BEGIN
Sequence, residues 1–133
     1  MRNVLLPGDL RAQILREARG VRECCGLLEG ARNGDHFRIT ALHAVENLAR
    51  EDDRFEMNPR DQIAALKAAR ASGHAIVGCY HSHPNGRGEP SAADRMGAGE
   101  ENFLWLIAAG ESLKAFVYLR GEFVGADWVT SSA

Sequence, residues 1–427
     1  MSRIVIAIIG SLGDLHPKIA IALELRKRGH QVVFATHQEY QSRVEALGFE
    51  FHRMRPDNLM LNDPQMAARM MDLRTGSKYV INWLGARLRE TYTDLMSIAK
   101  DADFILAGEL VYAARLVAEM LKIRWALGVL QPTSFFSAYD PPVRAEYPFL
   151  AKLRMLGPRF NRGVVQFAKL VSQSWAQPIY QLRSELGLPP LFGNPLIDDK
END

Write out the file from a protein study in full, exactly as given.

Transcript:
Sequence, residues 1–133
     1  MRNVLLPGDL RAQILREARG VRECCGLLEG ARNGDHFRIT ALHAVENLAR
    51  EDDRFEMNPR DQIAALKAAR ASGHAIVGCY HSHPNGRGEP SAADRMGAGE
   101  ENFLWLIAAG ESLKAFVYLR GEFVGADWVT SSA

Sequence, residues 1–427
     1  MSRIVIAIIG SLGDLHPKIA IALELRKRGH QVVFATHQEY QSRVEALGFE
    51  FHRMRPDNLM LNDPQMAARM MDLRTGSKYV INWLGARLRE TYTDLMSIAK
   101  DADFILAGEL VYAARLVAEM LKIRWALGVL QPTSFFSAYD PPVRAEYPFL
   151  AKLRMLGPRF NRGVVQFAKL VSQSWAQPIY QLRSELGLPP LFGNPLIDDK